Faith and Politics (or More Questions Than Answers)

On Tuesday Derek and I drove to a small church in a nearby neighborhood to cast our votes, along with millions of other Americans across the country. This was only my third time voting and my first time ever voting for president. On Saturday I spent most of the afternoon and evening and even late into the night researching issues and candidates, wanting to be an informed voter when I put my pen to the ballot. I felt a responsibility to vote this year but agonized over nearly every choice, feeling like neither side really stood for my values.

In the end, when I left the polls with my “I Voted” sticker in hand, I still felt more dissatisfied than anything else. I felt dissatisfied with my political choices. More than that, though, I felt dissatisfied with my own understanding of the issues and of how to mingle my faith with politics.

I hunger for a justice that our political system (and our world) sorely lacks in so many areas. And with justice, there are several things I am sure of:
• That God cares deeply for the poor and expects us to care for them as well (He has some strong words for those who oppress the poor or stand by while they are oppressed).
• That God desired to free all those who are oppressed and invites us to join Him in this
• That God calls us to shelter the alien (read: immigrant) among us and gives pretty explicit commands to do so (seriously, you might be surprised at how much he has to say about this issue…).
• That God is the protector of the vulnerable (of all ages) and calls us to be protectors of the vulnerable as well.
• That we are called to do what is in our power to live at peace with those around us.

These are beliefs that inevitably intertwine with my political position. They have to. But they also bring up complex issues without easy answers. Honestly, I am not sure how to stand for these in our current political system, or even outside of politics oftentimes. No political candidate champions all (or even most) of these ideals. Even if one did, I doubt that our current political system, driven largely by money and a hunger for power, would support such a politician. Voting, then, (no matter who we vote for) cannot absolve us from the need to wrestle through these issues, to seek God’s perspective and plans for justice, life, poverty, freedom, and the world around us. Our responsibility to justice did not end when the polls closed on November 6th.

Wednesday morning, as the country either rejoiced or lamented the newly elected president, I felt surer than ever of one thing: I don’t have the answers. I don’t know how to fight for justice in politics. But I want to find out. In fact, I intend to find out.

(Do you have books or resources that have helped you answer some of these questions and clarify your own political position as a Christian? If so, feel free to share them.)

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2 Comments

  1. Mama

     /  November 10, 2012

    Becca- Eloquent reflection that echoes my own thoughts perfectly! As Papa & I discussed this before the election, there is no political system that can “save” us. I believe in trying to make things better (I am a staunch believer in Christians exercising our right to vote, even in our flawed system!), but in the end, it is in our daily lives, among the people we live, work, serve, that we have the power to effect change- and that starting in our our hearts.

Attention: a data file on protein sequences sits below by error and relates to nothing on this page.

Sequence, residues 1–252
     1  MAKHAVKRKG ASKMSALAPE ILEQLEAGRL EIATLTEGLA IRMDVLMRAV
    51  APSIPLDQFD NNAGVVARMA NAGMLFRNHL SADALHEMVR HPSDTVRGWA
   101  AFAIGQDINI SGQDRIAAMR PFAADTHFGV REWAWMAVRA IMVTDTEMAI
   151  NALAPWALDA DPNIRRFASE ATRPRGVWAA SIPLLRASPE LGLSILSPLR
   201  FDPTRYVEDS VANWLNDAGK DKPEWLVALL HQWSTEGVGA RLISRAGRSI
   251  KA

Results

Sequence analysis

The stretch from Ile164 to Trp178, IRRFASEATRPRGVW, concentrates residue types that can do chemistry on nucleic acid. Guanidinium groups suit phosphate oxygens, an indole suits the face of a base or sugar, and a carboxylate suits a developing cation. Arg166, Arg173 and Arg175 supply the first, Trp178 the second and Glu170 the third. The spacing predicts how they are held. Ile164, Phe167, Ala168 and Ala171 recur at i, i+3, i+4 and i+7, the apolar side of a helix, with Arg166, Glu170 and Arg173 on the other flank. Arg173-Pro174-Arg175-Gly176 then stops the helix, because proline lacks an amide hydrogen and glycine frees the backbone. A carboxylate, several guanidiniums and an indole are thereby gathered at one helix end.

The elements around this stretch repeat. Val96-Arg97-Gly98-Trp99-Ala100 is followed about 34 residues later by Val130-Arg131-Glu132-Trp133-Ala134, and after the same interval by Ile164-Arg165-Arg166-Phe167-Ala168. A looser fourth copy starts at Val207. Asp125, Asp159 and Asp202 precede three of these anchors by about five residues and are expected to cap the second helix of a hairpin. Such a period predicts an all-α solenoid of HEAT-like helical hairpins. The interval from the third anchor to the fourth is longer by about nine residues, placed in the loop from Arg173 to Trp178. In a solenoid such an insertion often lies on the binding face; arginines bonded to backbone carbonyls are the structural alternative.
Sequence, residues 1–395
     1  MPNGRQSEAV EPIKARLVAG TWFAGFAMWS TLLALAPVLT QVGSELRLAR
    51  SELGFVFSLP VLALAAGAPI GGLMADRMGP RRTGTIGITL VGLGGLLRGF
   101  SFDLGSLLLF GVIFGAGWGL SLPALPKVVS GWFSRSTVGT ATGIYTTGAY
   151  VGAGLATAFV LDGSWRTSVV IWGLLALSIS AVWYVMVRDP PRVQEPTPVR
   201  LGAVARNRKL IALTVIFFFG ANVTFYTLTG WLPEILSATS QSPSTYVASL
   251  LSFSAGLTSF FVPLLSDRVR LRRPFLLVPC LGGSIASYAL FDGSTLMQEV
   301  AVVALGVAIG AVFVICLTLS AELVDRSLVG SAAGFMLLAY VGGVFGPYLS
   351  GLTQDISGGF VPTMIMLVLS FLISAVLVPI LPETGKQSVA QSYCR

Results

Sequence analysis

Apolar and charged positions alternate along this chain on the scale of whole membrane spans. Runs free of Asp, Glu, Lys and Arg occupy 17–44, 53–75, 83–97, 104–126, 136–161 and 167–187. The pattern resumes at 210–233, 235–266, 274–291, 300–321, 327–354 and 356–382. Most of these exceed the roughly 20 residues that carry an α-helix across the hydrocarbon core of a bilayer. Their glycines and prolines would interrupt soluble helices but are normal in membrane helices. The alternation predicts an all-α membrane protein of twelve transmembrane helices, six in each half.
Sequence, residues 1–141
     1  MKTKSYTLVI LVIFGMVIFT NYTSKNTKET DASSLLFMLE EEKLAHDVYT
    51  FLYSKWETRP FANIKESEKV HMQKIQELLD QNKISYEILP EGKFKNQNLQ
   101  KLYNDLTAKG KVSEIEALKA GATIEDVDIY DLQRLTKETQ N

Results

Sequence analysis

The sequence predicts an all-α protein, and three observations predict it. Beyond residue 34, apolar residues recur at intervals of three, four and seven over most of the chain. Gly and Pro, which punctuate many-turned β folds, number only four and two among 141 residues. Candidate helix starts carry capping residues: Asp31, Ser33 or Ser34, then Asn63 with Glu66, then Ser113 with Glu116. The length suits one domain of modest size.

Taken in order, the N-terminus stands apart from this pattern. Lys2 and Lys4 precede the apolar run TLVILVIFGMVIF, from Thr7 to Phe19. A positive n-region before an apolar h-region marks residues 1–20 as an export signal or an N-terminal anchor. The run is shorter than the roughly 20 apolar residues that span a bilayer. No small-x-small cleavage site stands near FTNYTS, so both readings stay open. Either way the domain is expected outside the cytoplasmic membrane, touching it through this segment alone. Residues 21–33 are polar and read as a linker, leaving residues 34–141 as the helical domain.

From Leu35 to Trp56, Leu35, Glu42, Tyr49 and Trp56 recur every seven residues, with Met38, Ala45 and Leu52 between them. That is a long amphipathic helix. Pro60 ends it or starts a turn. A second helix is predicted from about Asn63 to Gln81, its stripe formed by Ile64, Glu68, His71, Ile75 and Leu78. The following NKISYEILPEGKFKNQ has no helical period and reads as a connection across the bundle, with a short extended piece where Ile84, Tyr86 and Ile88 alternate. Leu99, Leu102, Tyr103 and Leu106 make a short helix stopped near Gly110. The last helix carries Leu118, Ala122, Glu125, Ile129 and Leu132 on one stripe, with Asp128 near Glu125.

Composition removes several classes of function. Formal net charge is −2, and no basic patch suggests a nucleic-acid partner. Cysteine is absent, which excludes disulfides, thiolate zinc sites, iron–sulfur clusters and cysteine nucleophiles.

For myself, I suspect that we will be asked to be martyrs- if not physically, then economically, in order to live our faith.

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  2. Denita

     /  November 12, 2012

    I would honestly be happiest, if the government was less involved in all areas of life. I don’t want the government telling me how to spend my money or to dictate the quality of my life or anyone else’s life. I strongly believe that it is not the governments job to take care of people. People need to quit leaning on the government for all things. Just as strongly as I believe that, I believe that it is the church’s responsibility to be MORE involved in people’s lives and people are the church, whether they are part of an organized church building or not. As a christian, you personally are responsible…to follow the rules of the government but also to above and beyond the government regulated requirements do your christian duty to your fellow human being and be a steward for the earth. The church has a bad rap, fewer and fewer Americans identify with a church…because the church is a hypocritical organization that is no longer not-for-profit…but very much so for profit. The church, that is most visible to those not in church, is not the church that Jesus called us to be. It just seems, the only true God in America is the dollar…and everyone wants more of it, more than they care about anything else. I’m not a good example of what people should be like. I don’t have an answer (I have a few ideas where I wish the government would start to fix itself, I have a few ideas of where I wish the church would start to fix itself) of a solution. I’m glad that you researched, I wish that everyone had to research and prove they had some understanding before they were allowed to cast a vote. I wish that negative politics weren’t allowed, just a simple this is what I want to accomplish, this is how I plan to go about it…and then they were held accountable to working through that plan. Sorry, my thoughts jump a lot on this reply. I am dissatisfied is about all it boils down to.

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